Contact: Beverly Jackson
The study investigated 1,605 cocaine patients admitted during 1991-1993 to 55 community based-treatment programs in NIDA's nationwide Drug Abuse Treatment Outcome Study (DATOS). Included were patients admitted to short-term inpatient (STI), long-term residential (LTR), and outpatient drug-free (ODF) treatment programs. Based upon their admissions interviews, each patient was designated as having low, medium, or high problem severity. Approximately 1 year following discharge, the patients were contacted again and asked about their cocaine use since completing treatment. Some underwent drug testing to corroborate their answers.
Among patients with low problem severity, weekly cocaine use was reduced about 80% during the year following discharge. This treatment outcome was similar notwithstanding the kind of treatment they received-STI, LTR, or ODF-or how long they remained in the program.
Patients with moderate and severe problems were able to reduce their weekly cocaine use by 85%, but only if they received the optimal type of therapy and stayed in it for at least 90 days. For patients with moderate problems, the optimal therapy was ODF; for patients with severe problems, it was LTR. Among patients with moderate or severe problems who did not remain in the optimal type of therapy for the minimum amount of time, weekly cocaine use was reduced only 60%-70%.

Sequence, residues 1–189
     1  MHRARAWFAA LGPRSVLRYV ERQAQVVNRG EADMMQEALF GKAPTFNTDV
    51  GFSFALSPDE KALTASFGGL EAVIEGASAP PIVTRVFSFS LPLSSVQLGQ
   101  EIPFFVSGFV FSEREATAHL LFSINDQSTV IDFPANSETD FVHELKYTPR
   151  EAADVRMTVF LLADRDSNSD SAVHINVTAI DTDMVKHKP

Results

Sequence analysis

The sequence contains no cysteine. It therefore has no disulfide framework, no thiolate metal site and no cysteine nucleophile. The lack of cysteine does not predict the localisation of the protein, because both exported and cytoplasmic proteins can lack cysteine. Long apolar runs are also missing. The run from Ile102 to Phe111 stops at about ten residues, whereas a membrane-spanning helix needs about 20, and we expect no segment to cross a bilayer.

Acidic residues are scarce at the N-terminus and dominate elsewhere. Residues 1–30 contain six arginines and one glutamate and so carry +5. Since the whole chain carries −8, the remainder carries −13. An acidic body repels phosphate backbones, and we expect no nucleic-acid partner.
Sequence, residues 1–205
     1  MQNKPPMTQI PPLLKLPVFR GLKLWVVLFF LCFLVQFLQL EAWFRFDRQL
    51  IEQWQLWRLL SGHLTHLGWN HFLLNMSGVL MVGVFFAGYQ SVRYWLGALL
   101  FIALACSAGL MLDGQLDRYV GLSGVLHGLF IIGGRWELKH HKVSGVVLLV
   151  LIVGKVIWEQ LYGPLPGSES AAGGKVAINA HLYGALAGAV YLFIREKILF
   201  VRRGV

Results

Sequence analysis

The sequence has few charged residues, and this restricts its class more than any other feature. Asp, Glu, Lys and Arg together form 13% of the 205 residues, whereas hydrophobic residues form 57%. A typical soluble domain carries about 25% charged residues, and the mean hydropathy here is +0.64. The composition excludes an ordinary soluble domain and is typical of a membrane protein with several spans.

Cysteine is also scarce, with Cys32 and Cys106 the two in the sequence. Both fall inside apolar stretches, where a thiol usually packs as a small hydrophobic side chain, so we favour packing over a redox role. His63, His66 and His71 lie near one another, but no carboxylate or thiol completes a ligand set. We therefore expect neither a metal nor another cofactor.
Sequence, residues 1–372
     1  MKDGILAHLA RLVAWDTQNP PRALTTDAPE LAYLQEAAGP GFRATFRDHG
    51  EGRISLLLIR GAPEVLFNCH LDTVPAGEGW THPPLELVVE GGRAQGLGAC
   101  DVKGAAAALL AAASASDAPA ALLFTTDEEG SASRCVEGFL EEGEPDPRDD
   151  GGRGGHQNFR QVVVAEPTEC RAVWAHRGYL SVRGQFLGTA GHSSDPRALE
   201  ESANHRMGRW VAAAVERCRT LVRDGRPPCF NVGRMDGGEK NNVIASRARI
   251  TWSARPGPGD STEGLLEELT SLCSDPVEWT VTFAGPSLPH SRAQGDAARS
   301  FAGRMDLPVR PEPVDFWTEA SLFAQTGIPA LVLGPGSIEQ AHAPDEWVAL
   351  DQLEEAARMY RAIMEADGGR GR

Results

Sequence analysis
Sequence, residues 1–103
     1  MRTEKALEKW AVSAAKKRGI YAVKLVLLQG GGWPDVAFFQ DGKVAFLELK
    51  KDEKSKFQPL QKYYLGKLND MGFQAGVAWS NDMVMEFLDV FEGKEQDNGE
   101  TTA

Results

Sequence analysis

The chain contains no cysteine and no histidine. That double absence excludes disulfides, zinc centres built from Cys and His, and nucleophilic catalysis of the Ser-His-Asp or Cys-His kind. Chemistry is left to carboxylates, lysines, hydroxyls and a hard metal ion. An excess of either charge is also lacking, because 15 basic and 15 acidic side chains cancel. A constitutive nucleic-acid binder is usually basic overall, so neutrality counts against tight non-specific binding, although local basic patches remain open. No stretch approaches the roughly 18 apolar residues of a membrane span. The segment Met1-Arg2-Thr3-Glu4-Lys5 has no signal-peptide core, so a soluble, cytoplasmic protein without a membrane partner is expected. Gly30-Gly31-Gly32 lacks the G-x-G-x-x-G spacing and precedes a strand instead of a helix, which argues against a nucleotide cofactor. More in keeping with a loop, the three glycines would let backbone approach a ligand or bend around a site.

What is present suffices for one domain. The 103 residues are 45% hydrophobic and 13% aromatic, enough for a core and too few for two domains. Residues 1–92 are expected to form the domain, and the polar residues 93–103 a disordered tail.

"These findings show the value of assessing patient needs carefully at intake and then assigning patients to different treatments based on their needs," says Dr. Dwayne Simpson of Texas Christian University in Fort Worth and lead author of the study. "LTR programs are better equipped to provide the more intensive care
needed by high problem patients. Medium problem patients are better suited for ODF programs, which are also less expensive than LTR programs."
"This study indicates that patients addicted to cocaine who have moderate to severe problems need at least 3 months of treatment to get a maximum effect," says NIDA Director Dr. Alan I. Leshner. "Clearly, these findings argue against the efforts that have been made recently to cut back on the length of drug abuse treatment in order to save money."
Besides Dr. Simpson, researchers associated with NIDA; the National Development and Research Institutes, Inc., in Raleigh, N.C.; and the University of California, Los Angeles participated in the study. The study appears in the June 1999 issue of Archives of General Psychiatry.
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